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Researchers Draw Attention to Rising Cybersecurity Threats for Smart Buildings

Researchers Draw Attention to Rising Cybersecurity Threats for Smart Buildings
  • 37.8% of building automation systems were targeted in the first half of 2019 as per new study by Kaspersky.
  • Increasing use of connected systems is posing a heightened cyber risk to smart buildings.

An overview

Smart buildings house a myriad of interconnected systems, devices, and a centralized control system that altogether offer a safe and healthy environment for its residents. Building automation systems are comprised of a wide variety of systems including HVAC, energy management systems, video surveillance systems, lighting control systems, elevator control systems, access control systems, as well as sensors attached to thermostats and devices to light sensors.

Recent research from Kaspersky revealed that 37.8 percent of computer systems involved in controlling smart building automation devices were impacted by cyber attacks in the first half of 2019.

Targeted buildings are not just residential and office buildings but also include facilities for industrial production, public transport, hospitals, shopping malls, prisons, and more.

Though most of the blocked threats so far are neither targeted nor specific to building-based automation systems, it still raises significant concerns on the availability and integrity of automation systems.

"While these figures are relatively low in comparison to the wider threat landscape, their impact should not be underestimated," Kirill Kruglov, security researcher at Kaspersky ICS CERT, said in a press release.

A deeper analysis of attacks

Kaspersky gathered and studied information from 40,000 smart buildings worldwide that use its security products, out of which 38.7 percent were attacked with different kinds of malware.

  • 11 percent of attacks were aimed at stealing account credentials and other valuable information
  • 10.8 percent of workstations were infected with worms
  • 7.8 percent of systems suffered phishing attacks
  • 4.2 percent of systems encountered ransomware
  • As per the research, 26 percent of threats involved online intrusion methods.
  • 10 percent of cases included the use of removable media (USB flash-sticks and external hard drives)
  • Another 10 percent breach attempts were made via email links and attachments
  • 1.5 percent of attacks on computer systems originated from within the host organization's network, such as from shared folders

Potential threats

Hackers today are leveraging the gaps between information technology (IT) and operational technology (OT) defenses to target building automation systems. One of the dangerous consequences is vulnerable systems being exploited to hold the target building hostage.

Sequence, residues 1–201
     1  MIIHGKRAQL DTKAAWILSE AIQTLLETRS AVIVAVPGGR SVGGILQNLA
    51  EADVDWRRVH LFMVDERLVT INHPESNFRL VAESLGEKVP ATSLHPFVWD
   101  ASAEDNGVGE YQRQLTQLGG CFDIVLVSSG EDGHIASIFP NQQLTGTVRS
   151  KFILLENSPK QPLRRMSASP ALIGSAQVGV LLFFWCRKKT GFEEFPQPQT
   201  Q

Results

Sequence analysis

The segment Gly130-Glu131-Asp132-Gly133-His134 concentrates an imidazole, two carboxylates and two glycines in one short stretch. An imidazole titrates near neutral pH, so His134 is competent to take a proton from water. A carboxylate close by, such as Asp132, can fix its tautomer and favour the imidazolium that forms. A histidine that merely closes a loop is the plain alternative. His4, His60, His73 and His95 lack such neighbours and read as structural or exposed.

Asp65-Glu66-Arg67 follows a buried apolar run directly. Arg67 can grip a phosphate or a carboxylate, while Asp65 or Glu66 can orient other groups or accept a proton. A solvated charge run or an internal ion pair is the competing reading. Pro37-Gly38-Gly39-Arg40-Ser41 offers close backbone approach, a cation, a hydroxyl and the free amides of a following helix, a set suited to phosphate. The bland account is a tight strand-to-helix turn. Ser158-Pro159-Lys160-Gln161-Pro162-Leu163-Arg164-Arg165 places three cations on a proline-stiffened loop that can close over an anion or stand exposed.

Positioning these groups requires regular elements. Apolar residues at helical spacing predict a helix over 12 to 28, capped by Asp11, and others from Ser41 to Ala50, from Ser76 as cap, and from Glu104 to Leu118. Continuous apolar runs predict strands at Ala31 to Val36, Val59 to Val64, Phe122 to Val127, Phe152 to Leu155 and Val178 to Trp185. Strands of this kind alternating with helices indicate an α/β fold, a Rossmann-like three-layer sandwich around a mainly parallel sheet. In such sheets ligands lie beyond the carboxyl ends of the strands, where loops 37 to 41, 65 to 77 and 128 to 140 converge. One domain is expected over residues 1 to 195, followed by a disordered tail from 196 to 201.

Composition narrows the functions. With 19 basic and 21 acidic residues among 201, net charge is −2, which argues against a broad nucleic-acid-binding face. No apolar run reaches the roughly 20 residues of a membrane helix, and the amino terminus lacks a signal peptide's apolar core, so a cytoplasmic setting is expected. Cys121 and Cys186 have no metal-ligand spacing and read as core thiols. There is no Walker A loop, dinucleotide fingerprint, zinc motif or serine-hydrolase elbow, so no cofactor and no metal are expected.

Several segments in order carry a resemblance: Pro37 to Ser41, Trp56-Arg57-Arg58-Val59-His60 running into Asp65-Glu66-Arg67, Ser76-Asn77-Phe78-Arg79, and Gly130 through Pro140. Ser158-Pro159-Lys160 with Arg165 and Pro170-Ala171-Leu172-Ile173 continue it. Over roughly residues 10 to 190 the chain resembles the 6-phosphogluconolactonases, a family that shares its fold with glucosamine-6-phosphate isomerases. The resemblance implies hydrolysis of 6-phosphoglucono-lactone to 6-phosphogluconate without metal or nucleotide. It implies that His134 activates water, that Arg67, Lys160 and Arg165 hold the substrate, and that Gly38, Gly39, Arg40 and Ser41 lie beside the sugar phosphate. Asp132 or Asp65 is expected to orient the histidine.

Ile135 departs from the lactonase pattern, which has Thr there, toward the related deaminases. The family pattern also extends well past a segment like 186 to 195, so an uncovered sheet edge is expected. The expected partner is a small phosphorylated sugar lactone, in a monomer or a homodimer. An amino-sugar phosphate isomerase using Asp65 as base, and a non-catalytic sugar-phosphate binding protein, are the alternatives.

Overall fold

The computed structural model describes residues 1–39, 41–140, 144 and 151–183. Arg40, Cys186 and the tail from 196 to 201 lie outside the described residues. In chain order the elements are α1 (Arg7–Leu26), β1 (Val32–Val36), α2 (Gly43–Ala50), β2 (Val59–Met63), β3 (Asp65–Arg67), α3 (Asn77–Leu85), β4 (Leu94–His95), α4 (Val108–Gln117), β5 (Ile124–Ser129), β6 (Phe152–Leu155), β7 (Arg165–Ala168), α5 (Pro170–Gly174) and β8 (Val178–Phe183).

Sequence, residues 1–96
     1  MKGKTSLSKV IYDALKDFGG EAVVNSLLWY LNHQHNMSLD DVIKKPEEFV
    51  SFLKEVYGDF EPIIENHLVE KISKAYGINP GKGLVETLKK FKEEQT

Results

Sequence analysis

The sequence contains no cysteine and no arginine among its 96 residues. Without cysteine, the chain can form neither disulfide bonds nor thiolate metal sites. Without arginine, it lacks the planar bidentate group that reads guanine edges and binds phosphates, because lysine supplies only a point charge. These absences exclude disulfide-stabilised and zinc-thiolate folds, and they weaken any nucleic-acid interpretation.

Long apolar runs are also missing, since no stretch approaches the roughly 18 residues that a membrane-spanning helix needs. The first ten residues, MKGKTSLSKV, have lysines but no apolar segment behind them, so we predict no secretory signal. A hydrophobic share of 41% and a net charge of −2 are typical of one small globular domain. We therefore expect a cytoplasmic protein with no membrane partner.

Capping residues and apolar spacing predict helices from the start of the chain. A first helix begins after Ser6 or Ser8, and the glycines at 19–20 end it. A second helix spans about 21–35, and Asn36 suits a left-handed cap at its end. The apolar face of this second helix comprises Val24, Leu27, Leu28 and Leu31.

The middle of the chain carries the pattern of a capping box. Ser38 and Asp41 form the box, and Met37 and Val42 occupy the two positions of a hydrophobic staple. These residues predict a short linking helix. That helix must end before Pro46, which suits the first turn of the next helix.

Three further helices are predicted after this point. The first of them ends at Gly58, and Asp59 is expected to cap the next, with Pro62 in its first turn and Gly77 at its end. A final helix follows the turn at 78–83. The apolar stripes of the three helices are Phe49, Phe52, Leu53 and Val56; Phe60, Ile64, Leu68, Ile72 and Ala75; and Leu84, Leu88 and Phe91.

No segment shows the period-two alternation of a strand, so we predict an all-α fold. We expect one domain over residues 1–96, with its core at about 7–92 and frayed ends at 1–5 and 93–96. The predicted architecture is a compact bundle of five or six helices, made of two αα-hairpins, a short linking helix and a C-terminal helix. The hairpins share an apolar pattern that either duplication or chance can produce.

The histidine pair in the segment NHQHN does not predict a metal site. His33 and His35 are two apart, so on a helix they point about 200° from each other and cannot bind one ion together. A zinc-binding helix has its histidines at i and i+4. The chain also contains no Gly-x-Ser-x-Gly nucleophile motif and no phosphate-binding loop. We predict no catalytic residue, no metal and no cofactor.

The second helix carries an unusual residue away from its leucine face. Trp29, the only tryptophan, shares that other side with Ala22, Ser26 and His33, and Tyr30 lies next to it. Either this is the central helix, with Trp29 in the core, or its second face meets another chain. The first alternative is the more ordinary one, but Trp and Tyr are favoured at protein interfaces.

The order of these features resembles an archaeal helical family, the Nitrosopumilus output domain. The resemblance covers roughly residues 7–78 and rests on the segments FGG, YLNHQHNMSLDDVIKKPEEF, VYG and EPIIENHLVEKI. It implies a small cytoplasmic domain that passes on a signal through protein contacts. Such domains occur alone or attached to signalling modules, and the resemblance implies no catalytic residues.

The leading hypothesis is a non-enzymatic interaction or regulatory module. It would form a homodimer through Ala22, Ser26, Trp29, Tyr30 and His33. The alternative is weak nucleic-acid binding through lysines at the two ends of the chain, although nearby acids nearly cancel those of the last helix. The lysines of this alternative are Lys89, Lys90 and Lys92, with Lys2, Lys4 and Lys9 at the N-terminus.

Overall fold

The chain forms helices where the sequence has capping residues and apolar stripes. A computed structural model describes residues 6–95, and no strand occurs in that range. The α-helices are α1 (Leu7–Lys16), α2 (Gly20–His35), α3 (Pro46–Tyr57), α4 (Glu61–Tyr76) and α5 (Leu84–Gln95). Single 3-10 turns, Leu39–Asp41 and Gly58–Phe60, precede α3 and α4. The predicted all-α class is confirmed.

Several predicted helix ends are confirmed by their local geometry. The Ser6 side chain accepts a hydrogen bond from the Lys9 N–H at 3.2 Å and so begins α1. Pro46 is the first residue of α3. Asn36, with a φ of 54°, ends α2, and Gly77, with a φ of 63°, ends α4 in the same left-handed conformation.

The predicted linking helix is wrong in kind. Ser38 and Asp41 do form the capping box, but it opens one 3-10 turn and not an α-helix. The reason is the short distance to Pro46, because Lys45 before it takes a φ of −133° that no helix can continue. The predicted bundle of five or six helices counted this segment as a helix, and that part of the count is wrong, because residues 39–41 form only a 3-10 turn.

Attacks on smart cities and infrastructure could lead to wide-ranging consequences from risks to human safety to the potential shutdown of a shopping arena, the power grid, or even the entire city.

It is possible to manipulate the functionality of lifts, doors, or building entry systems, which are centrally controlled systems. Since smart architectures are concerned about eco-friendly and cost-saving initiatives, a more subtle attack can include raising the temperature of devices to reflect an increase in energy consumption, and hence operational costs.

Connected systems can also allow hackers to gain access to internal IT systems such as in the case of a casino that got hacked through an exploit of a fish tank.

How to protect your systems?

It is recommended to critically monitor network communications, on the perimeter as well as inside a building automation system's network. Moreover, collaboration and engagement are key to building a long term security strategy.

  • Cybersecurity design frameworks and risk-based analysis tools can be used to improve the understanding of cyber risk for smart buildings.
  • Integration of tools that help raise immediate alerts as soon as any suspicious network activity is detected, can enable a faster response.
  • Inclusion of a variety of stakeholders in threat management and endpoint visibility can help ensure all-round safety.
  • Preparation of a crisis communication and response plan paired with staff training is also crucial to ensuring effective incident management.
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